Geryon’s bassist/vocalist Nick McMaster and drummer Lev Weinstein are best known as the rhythm section of progressive metallers Krallice, but their creative relationship predates Krallice by several years. They first played together in the Chicago technical death metal band Astomatous, a promising but short-lived act that produced only one album before Weinstein and McMaster relocated to New York City, leaving the band’s guitarists behind and effectively ending the project. Or transforming it into Geryon, depending on how you look at it.
This linear connection to Astomatous, who were relatively conventional by DM standards, means that Geryon typically receive the “death metal” tag as well. But The Wound And The Bow, their second album, supports that association even less than their 2013 debut did. You can certainly hear some classic death metal hallmarks on “Silent Command” in the form of Weinstein’s dense rhythms and McMaster’s arid howl. But formally and tonally, this stuff is much stranger — all icy abstraction and austere melancholy. In the absence of guitars, McMaster’s bass has a great deal of space to work with, which he fills with a chiming, textured tone that couldn’t be further from the dry rattle most death metal bassists hide themselves in. (Being able to hear the bass guitar on a death metal record at all is pretty unusual in itself.) This striking tone heightens Geryon’s alienated and alienating atmosphere — McMaster reels off long sequences of shifting arpeggios, each seeming to circle its predecessor in search of an elusive root note, with Weinstein’s drums in hot pursuit. You could envision an extremely well-schooled and intense math rock band arriving at a similar sonic space, but it’s long odds that anyone besides this idiosyncratic duo would find their way here. Listen.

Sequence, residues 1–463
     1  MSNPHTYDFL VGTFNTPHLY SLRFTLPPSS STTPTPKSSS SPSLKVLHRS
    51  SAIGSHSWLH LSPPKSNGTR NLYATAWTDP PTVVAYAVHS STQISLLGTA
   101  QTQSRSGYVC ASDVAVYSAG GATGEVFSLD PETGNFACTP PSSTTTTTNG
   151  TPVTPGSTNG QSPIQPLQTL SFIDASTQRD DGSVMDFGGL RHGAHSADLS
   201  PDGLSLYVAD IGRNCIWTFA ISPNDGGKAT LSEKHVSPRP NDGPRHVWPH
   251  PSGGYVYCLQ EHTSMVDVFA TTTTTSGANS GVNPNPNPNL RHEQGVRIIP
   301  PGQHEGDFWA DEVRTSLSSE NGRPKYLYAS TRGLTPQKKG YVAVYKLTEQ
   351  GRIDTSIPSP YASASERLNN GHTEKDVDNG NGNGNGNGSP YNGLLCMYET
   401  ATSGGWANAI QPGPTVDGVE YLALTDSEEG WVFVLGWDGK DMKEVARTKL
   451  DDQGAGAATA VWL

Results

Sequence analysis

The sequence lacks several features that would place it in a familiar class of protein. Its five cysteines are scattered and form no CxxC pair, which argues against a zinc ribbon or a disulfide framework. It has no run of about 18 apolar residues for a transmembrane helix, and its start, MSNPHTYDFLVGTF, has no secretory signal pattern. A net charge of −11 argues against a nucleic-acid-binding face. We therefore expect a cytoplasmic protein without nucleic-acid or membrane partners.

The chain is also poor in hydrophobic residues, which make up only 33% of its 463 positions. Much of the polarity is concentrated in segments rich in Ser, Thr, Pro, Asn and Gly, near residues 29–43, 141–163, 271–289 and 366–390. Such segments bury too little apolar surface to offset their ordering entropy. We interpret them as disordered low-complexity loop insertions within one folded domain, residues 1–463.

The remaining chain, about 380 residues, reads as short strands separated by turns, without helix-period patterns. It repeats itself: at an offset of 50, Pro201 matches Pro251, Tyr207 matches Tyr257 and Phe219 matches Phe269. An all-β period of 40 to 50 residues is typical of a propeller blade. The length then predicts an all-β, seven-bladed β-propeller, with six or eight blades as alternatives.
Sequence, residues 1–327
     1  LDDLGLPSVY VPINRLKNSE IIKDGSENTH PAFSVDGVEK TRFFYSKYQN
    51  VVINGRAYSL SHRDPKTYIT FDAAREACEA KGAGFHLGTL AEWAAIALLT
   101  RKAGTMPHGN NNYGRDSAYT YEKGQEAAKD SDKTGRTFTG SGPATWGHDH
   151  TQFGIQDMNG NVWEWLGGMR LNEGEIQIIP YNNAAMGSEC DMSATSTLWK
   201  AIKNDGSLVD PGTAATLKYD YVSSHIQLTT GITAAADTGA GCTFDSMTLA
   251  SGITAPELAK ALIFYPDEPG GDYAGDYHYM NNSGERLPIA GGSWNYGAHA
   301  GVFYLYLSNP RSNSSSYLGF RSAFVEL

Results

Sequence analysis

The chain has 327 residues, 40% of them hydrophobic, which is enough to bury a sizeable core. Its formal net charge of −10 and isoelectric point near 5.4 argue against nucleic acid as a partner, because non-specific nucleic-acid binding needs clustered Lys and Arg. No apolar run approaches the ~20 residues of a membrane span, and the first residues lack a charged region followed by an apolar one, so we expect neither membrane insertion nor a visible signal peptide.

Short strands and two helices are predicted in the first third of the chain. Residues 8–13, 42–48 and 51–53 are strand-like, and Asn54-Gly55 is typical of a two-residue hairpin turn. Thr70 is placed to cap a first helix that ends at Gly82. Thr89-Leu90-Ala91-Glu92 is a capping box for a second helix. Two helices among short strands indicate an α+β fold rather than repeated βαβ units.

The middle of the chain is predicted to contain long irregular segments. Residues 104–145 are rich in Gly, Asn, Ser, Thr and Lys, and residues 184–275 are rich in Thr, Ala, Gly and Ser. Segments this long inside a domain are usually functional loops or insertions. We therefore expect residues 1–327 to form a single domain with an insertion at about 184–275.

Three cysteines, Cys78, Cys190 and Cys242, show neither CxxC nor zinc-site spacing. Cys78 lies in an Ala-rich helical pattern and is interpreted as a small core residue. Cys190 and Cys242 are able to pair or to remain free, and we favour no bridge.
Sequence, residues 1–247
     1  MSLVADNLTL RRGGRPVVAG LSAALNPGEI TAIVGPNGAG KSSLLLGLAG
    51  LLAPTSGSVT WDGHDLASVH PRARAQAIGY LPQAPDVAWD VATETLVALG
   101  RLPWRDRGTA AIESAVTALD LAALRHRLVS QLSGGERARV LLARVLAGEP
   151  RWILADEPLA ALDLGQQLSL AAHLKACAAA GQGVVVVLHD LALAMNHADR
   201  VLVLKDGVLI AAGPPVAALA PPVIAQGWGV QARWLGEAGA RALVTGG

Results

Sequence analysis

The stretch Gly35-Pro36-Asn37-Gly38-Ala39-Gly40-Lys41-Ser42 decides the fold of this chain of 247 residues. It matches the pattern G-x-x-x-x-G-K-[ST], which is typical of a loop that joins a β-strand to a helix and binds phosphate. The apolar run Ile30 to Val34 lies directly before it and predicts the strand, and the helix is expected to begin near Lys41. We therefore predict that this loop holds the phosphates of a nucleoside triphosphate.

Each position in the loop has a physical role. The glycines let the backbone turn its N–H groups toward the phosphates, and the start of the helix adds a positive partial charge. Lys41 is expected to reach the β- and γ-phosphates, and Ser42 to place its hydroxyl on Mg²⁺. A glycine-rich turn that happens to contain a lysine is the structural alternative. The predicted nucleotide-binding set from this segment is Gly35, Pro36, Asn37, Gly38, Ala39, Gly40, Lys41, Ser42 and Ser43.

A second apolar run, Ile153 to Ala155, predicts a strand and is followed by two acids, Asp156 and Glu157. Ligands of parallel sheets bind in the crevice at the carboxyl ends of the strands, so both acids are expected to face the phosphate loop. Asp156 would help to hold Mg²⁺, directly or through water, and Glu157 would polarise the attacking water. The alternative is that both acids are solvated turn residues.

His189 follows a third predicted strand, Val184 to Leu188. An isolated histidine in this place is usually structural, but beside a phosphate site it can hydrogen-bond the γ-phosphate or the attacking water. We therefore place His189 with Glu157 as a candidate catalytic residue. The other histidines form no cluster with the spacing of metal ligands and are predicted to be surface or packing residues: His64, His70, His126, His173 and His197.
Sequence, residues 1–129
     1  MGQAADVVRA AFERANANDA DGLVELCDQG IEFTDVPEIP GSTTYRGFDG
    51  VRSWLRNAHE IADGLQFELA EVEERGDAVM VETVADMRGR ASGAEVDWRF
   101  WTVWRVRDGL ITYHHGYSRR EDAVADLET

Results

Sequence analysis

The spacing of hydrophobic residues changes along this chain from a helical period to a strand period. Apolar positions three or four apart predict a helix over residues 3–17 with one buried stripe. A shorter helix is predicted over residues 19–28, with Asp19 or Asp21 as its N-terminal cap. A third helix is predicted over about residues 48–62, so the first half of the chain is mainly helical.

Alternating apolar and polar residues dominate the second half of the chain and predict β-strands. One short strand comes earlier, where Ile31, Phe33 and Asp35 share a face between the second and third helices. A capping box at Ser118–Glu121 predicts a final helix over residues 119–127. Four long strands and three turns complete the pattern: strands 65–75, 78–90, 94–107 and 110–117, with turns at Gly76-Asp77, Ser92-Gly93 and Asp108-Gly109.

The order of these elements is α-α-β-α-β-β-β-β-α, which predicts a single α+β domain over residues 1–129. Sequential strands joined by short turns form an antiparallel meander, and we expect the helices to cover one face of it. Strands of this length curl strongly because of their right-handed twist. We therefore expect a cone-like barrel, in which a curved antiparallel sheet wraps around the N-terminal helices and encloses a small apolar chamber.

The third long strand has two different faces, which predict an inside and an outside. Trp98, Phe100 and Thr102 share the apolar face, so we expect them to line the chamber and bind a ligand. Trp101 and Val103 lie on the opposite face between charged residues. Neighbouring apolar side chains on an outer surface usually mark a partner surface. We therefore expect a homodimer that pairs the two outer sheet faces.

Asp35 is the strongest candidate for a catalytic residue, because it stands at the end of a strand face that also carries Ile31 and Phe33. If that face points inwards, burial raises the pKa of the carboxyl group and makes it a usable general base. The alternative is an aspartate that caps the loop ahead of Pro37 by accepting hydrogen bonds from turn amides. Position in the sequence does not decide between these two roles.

The Wound And The Bow will be out on 4/8 via Profound Lore Records.